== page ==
THE FINE PRINT: You were part of Central Saint Martins’ White Show in 2012. What did you learn from creating and participating in a collective runway show?

PHOEBE KIME: The White Show in 2012 was something every first year BA student at CSM was part of and for me it was the first time I was part of anything so big. Coming from such a small town and college it was slightly daunting but exhilarating to be thrown straight into the project. I knew I was working towards a goal where the ending would be my mark and introduction to the next four years of my degree. However, I think being part of the BA graduate press show at Central Saint Martins was the first time my work was really seen by a wide audience. Of course being part of something which is a collective like the White Show or Degree Show is highly competitive, but you have to stay focused. I always found myself comparing my work to others but I now realise that this can hinder the work process. The relief and feeling when it’s over is strange, it’s like a happiness and worry mixed into one. So happy for it to be finished and for people to see it but then mixed with the worry of what people thought and how it was perceived.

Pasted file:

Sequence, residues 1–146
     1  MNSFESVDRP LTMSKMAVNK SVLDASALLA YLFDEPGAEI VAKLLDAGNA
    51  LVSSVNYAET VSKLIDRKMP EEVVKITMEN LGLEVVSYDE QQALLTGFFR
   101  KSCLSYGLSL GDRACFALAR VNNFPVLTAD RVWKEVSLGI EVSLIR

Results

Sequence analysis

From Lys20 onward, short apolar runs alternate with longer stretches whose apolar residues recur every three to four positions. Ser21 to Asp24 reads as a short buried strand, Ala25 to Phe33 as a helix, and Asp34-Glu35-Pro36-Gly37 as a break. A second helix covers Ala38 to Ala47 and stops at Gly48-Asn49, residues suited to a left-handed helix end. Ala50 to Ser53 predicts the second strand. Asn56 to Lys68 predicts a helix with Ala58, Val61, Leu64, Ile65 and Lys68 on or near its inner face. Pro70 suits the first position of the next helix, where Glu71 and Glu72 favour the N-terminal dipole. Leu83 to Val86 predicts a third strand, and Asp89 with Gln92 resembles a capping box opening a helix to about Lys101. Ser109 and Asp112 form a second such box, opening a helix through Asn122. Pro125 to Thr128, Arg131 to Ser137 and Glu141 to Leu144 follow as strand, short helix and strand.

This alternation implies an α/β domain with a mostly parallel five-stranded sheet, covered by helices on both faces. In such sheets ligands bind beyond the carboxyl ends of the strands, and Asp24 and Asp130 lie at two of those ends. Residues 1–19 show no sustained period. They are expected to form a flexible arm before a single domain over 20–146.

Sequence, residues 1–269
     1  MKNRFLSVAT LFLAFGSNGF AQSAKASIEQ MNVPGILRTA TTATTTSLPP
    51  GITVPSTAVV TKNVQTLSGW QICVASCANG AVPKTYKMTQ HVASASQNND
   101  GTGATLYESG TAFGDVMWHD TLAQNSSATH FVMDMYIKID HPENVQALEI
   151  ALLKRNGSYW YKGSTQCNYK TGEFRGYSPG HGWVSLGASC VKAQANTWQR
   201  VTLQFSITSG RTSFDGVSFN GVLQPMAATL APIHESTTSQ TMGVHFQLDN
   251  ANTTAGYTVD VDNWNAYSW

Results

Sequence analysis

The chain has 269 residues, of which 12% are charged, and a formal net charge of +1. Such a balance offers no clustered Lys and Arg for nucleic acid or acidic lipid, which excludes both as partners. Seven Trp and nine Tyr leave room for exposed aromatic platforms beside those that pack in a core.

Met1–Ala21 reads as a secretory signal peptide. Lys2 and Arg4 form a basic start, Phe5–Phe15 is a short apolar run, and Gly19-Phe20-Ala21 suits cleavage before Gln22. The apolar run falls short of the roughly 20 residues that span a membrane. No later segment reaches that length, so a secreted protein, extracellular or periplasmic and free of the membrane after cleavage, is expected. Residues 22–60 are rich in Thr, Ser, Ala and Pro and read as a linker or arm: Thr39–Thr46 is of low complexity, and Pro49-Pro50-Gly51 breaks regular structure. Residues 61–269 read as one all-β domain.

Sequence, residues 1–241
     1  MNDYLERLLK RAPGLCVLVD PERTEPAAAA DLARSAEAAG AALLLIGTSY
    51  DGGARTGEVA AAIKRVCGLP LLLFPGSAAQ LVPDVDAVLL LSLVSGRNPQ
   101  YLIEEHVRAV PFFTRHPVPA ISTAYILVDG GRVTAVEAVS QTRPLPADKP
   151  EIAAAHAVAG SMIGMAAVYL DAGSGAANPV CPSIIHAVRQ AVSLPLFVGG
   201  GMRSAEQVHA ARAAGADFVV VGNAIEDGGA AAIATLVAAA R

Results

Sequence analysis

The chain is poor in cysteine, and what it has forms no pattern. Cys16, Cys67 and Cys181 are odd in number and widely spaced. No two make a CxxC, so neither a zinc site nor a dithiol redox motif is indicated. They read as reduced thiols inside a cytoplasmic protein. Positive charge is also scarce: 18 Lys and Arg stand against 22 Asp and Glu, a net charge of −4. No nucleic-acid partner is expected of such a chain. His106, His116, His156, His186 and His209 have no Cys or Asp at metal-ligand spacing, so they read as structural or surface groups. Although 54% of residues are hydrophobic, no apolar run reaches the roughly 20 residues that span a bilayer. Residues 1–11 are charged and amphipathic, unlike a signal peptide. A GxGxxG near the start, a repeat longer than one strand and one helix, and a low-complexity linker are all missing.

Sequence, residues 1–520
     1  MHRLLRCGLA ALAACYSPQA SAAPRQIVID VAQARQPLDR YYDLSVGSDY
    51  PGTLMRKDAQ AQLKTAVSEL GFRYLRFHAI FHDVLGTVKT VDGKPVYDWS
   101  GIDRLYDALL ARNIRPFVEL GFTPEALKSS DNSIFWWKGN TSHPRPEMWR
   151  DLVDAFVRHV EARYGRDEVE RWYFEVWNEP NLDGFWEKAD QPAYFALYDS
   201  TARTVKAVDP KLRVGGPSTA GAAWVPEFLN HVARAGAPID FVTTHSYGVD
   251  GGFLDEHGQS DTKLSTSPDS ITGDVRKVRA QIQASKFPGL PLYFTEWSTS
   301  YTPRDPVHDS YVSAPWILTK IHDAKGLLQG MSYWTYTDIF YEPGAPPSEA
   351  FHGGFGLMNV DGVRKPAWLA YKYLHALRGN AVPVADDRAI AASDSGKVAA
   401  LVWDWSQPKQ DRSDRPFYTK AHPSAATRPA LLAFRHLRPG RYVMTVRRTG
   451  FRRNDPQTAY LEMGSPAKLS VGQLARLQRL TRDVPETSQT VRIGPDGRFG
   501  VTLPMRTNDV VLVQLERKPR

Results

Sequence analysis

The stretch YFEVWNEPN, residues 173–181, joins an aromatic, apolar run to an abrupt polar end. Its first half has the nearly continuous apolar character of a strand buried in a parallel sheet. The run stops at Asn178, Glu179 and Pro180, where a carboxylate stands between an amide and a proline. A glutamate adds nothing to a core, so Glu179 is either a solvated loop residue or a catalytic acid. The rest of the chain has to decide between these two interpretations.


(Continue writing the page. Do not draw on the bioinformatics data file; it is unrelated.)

THE FINE PRINT: You won an LVMH Grand Prix Scholarship, a prize many designers only dream of! How did it affect your schooling and career?

PHOEBE KIME: Being awarded this prestigious scholarship was an extreme boost of confidence. The belief that someone else believes in me, believes in my imagination and can see something in me that perhaps needs help to let out, was and still is immensely gratifying for a young designer. Although this brings with it a lot of self doubt. It felt as though people were expecting something more, and I felt like I had to live up to that expectation. But this gave me even more determination to achieve and to prove to my self-doubt that a company like LVMH believed in me. Without the support of the Scholarship I would not have been able to achieve my full potential, for which I am immensely grateful.

THE FINE PRINT: The illustrations for your designs are gorgeous! I wish more designers showcased their drawings as it really makes you better understand what they are trying to accomplish with a specific piece. Tell me more about them and how they are part of your creative process.